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John DennehyRSS Feed of this column.

I'm an evolutionary biologist and assistant professor at Queens College, City University of New York, who studies bacteriophage life history stochasticity and the population dynamics of host/pathogen

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It is no exaggeration to call evolution “the central concept of biology.” So why is the fact of evolution denied by half of our population? A new article in PLoS Biology by Michael Berkman, Julianna Pacheco, and Eric Plutzer suggests it might be on account of their lack of education at the high school level. Since only ~25% of the US population obtains a college degree, it is the duty of high school teachers to provide a proper scientific education to our citizens. Model high school curriculum guidelines provided by the National Science Teachers Association, the National Research Council, and the American Association for the Advancement of Science, strongly suggest that teachers “provide evidence that evolution has attained its status as a unifying theme in science.”
In the Northern hemisphere, winter is the time for the flu. Every year 5% to 20% of us catch "the bug". So predictable is the influenza virus that "flu season" has entered the vernacular. This year, flu cases peaked around the end of February (see chart). Perhaps you've wondered "Why?".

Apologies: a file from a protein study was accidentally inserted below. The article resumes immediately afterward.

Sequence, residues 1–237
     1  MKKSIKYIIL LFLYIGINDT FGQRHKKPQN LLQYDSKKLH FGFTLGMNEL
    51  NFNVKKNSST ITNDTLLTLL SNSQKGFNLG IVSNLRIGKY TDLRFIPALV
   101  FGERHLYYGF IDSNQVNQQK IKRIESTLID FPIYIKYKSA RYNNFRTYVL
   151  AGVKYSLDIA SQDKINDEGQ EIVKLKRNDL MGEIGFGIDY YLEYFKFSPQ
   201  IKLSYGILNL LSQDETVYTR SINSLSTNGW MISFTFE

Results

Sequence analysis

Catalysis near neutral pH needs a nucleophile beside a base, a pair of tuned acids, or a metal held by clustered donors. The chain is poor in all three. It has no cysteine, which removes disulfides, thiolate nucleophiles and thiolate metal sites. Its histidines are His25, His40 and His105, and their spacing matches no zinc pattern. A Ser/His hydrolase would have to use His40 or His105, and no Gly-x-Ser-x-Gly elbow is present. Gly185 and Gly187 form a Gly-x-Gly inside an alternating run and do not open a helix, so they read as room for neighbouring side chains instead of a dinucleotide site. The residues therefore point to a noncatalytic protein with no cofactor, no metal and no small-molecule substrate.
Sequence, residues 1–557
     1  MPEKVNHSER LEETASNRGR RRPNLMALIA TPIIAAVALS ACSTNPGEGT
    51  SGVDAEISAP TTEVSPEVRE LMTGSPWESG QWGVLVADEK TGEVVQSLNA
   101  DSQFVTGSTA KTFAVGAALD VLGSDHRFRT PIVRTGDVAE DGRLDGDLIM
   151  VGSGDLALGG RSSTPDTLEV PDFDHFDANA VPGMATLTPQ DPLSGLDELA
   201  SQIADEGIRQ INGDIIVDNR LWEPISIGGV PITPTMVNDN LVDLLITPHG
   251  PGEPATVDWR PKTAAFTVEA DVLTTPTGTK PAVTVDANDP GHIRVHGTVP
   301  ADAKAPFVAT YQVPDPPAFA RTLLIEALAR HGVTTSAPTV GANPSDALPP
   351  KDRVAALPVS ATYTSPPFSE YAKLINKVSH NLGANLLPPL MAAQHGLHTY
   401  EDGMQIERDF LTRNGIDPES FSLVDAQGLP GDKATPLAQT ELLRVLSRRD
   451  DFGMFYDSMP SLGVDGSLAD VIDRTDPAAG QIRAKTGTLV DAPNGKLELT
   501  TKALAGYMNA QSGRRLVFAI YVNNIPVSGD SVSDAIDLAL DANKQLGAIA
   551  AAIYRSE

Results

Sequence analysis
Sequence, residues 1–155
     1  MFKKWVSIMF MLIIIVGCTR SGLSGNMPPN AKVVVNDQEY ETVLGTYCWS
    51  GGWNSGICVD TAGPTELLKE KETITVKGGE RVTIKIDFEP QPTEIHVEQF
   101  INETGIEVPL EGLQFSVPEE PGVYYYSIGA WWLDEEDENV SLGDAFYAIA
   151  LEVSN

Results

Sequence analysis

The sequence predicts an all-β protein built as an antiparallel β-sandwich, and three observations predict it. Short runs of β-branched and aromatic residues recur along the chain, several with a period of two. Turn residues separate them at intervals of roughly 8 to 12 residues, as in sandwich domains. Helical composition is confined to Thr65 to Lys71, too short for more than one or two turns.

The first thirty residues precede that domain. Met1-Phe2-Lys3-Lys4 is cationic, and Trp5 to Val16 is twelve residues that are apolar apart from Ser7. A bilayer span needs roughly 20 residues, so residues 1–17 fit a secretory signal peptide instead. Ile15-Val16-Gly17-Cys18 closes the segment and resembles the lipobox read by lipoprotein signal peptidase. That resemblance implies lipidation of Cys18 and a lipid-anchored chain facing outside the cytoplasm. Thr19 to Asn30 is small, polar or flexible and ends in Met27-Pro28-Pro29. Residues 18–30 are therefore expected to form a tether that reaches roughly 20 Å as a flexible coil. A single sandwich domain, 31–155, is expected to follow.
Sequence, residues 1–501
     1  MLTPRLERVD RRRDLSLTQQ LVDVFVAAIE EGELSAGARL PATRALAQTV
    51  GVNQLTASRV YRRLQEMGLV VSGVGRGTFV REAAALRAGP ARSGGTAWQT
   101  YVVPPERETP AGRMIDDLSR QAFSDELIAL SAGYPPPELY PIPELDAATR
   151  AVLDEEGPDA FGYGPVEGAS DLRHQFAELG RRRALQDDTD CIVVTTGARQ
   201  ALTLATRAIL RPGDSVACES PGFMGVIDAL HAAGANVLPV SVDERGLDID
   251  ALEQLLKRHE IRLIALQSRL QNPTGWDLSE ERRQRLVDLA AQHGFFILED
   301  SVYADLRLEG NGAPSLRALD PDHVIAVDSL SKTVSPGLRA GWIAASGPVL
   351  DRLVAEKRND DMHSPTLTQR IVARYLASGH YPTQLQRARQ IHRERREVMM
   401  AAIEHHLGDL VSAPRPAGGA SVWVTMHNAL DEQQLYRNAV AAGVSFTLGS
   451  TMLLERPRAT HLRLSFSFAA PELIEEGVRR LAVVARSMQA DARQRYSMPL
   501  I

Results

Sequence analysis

Hypotheses for flu season are numerous and include:
I don't often see bacteriophage ecology and evolution papers in the open source literature, but there is a nice one in next month's American Naturalist (occasionally Am Nat selects papers for open access).

Supposedly nanobacteria are cell-walled organisms much smaller than the generally accepted lower limits for cell size. The existence of nanobacteria has been a hot topic because of their putative roles in and heart disease and kidney stones.

In the US, most deaths are attributable to chronic afflictions, such as heart disease and cancer. Typically the medical community has attributed these diseases to accumulated damage, such as plaque formation in arteries or mutations in genes controlling cellular replication. This view is changing. Scientists are now beginning to recognize that many of these chronic illnesses are due to microbial infections.
A favorite book of mine is Evolution: A Scientific American Reader, a collection of articles on astronomy, cell biology, paleontology and anthropology from the print magazine. One of my favorite chapters, "Skin Deep" by Nina Jablonski and George Chaplin, covers the evolution of human skin color. Skin color results from the presence of the pigment melanin, an organic molecule that absorbs UV radiation and neutralizes free-radicals produced by UV radiation. Why do we need worry about UV radiation? UV radiation causes mutations in skin cells leading to skin cancer, and also destroys the essential B vitamin, folate, which is involved in DNA synthesis. The more melanin, the more protection against UV radiation and the darker the skin. Hmm, if that is the case, why do not all humans have dark skin? Better to protect against cancer then, isn't it?
Map of Human Skin Color Distribution
Figure from Barsh GS (2003) What Controls Variation in Human Skin Color? PLoS Biol 1(1): e27 doi:10.1371/journal.pbio.0000027. A traditional skin color map based on the data of Biasutti. Reproduced from with permission from Dennis O'Neil.